Goldman Sachs, Daily & Weekly
Goldman Sachs reports 2019 third quarter earnings today Tuesday October 15 (11:30 GMT), before the New York market open . Financial stocks in particular have been in the firing line as the FED interest rate path continues to point south and worries surrounding global growth escalate.
Goldman Sachs Group (GS), the once bastion of the exclusive super rich and 150 years old this year, is now a much more diverse and outward looking organization than it used to be. The notoriously long hours and 100%+ commitment expected and demanded from the investment bank from staff is still the creed of the place but with the launch of products like the Marcus account things are changing.
The Marcus (named after the company’s founder Marcus Goldman) “offers no-fee, fixed-rate personal loans, high-yield online savings accounts and certificates of deposit to help people achieve financial well-being”, something that the founder would find very interesting as the bank made its reputation in investment banking and successful IPOs. In the UK the account is a little over a year old and is “an easy-access savings account, which at the time paid 1.5% AER, including a fixed bonus of 0.15% for 12 months, which was the highest in the UK since 2016.
So why would THE bank, as many refer to GS, be interested in online savers in the UK and fixed-rate personal loans for ordinary US workers? Answer – Reputation. It all goes back 11 years and the great financial crisis of 2008, when Goldman Sachs and all of Wall Street were deemed to be the bad boys that caused the crisis, yet they were “bailed out” by the government as ordinary workers lost their jobs and homes. In September that year Bear Sterns and Lehman Brothers had failed and thousands of jobs were lost, and it was not only banks, but Insurance giant AIG also required a bail out of $85 billion to survive. The money was coming from the US government and the guy in charge of the US Treasury at the time was Henry (Hank) Paulsen (a former CEO of THE bank). A total of $800 billion was eventually pumped into the US economy to save Recession becoming Depression. GS (and Morgan Stanley) were seen as the next most vulnerable of the Wall Street banks and 11 years ago this week they received $10 billion each from the government, a relatively small amount compared to others on Wall Street, but reputations were fundamentally tarnished. A month later in November 2008 the stock was trading at under $49.00.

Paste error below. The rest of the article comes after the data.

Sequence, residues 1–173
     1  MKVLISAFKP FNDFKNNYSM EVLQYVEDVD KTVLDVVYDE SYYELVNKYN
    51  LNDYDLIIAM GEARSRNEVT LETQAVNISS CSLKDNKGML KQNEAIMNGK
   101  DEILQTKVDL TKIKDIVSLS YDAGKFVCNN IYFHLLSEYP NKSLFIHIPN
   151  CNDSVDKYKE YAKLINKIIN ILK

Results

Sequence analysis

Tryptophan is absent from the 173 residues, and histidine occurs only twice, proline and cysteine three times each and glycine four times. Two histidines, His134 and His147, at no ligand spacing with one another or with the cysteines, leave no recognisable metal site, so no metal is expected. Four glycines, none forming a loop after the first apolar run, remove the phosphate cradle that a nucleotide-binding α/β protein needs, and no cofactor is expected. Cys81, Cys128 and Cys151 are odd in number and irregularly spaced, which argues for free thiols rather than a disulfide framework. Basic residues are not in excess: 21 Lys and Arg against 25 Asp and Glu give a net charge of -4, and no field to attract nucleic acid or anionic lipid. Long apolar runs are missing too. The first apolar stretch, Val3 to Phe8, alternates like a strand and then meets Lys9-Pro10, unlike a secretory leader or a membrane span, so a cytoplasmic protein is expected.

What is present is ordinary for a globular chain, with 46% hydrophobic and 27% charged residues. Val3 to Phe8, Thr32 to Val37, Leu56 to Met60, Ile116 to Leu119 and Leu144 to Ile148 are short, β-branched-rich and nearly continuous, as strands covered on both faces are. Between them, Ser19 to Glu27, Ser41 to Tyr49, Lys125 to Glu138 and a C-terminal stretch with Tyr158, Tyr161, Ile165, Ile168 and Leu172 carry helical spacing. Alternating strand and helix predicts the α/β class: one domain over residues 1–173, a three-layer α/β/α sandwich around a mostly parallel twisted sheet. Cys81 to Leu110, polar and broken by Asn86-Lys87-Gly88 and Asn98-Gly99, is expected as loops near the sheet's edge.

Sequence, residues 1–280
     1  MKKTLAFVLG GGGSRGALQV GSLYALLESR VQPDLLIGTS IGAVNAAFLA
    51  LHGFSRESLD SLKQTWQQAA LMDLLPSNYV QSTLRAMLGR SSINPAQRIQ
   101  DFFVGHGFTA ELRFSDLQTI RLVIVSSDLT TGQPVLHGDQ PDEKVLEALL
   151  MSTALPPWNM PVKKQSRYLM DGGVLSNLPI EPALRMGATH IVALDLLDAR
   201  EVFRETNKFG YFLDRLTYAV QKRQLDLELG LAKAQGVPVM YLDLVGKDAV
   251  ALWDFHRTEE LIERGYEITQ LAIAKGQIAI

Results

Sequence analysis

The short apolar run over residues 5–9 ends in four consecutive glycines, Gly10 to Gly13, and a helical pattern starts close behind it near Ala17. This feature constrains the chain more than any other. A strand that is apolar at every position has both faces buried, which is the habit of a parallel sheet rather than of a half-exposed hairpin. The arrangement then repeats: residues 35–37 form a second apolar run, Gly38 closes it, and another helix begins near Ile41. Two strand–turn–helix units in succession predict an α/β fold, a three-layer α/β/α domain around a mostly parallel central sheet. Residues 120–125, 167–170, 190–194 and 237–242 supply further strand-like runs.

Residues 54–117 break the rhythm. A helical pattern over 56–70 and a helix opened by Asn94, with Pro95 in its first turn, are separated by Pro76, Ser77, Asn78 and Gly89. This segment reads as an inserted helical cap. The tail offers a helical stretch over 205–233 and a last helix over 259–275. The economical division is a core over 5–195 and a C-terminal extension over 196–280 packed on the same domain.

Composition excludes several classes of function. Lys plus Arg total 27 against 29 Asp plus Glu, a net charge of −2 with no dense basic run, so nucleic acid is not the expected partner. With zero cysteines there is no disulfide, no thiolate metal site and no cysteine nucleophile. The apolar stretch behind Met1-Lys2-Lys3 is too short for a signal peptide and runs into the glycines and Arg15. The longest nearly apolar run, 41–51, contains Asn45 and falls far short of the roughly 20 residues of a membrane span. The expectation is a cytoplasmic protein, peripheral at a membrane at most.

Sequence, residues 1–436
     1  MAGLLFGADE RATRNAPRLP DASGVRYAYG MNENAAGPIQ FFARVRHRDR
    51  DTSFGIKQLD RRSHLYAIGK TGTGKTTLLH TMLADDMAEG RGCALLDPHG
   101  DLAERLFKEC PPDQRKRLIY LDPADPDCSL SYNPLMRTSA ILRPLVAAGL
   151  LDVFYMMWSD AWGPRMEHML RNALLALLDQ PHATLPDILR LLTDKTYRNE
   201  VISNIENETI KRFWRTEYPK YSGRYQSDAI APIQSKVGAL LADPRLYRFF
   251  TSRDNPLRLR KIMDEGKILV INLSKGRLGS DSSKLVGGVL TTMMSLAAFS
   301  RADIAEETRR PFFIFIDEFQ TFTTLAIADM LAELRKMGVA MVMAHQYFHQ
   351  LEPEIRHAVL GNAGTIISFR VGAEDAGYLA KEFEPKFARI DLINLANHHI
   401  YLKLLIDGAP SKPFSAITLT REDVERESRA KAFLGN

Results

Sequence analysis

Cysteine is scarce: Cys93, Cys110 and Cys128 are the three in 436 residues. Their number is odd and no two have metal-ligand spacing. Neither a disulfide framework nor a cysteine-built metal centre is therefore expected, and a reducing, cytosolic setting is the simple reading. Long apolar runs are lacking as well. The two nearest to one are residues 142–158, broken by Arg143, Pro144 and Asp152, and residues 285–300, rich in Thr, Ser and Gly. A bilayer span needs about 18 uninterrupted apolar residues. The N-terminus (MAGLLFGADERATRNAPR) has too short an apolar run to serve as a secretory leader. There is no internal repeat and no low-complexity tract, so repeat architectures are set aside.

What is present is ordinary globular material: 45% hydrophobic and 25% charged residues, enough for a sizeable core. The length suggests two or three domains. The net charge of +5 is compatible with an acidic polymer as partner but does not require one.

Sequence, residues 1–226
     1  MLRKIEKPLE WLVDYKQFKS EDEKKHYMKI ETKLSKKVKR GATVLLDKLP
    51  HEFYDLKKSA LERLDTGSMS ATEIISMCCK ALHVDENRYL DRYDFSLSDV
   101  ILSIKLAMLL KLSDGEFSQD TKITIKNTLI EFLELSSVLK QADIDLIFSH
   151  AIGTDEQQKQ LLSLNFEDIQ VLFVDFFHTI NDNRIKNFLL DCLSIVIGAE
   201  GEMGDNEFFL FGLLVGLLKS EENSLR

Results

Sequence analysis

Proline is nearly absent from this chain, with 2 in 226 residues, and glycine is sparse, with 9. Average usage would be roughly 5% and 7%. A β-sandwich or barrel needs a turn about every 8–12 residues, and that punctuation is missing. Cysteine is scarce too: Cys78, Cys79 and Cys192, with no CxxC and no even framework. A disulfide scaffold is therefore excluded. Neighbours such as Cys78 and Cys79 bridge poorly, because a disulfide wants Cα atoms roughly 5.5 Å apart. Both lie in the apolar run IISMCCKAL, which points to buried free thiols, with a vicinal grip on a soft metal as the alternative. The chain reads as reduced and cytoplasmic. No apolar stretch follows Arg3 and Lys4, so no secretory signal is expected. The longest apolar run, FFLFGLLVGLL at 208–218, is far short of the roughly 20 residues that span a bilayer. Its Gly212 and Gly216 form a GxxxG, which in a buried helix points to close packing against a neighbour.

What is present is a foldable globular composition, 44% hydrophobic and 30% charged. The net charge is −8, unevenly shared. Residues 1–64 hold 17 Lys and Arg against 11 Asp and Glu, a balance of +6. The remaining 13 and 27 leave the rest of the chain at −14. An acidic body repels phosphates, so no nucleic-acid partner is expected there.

The consensus for today’s earnings, from the 28 analysts that follow the stock, is for Earnings per share to top $5.03 and Revenue to be in excess of $8.55 billion. Many major hedge funds remain bullish but wary of financials, with reports that the number of bullish hedge fund positions fell by 15 in recent months. Overall, however, hedge fund sentiment is still quite bullish, just not as bullish as before and with GS not being a top 30 hedge fund pick, although it was in 61 hedge funds portfolios at the end of June 2019.
Technically, the stock printed a Double Top (bearish) at $220.00 and has support zones at $195.00, $180.00 and $150.00. It has rallied in recent days to the key 50 and 200-day moving averages. $206.00 is the first key Resistance zone if the double top is to be tested again.
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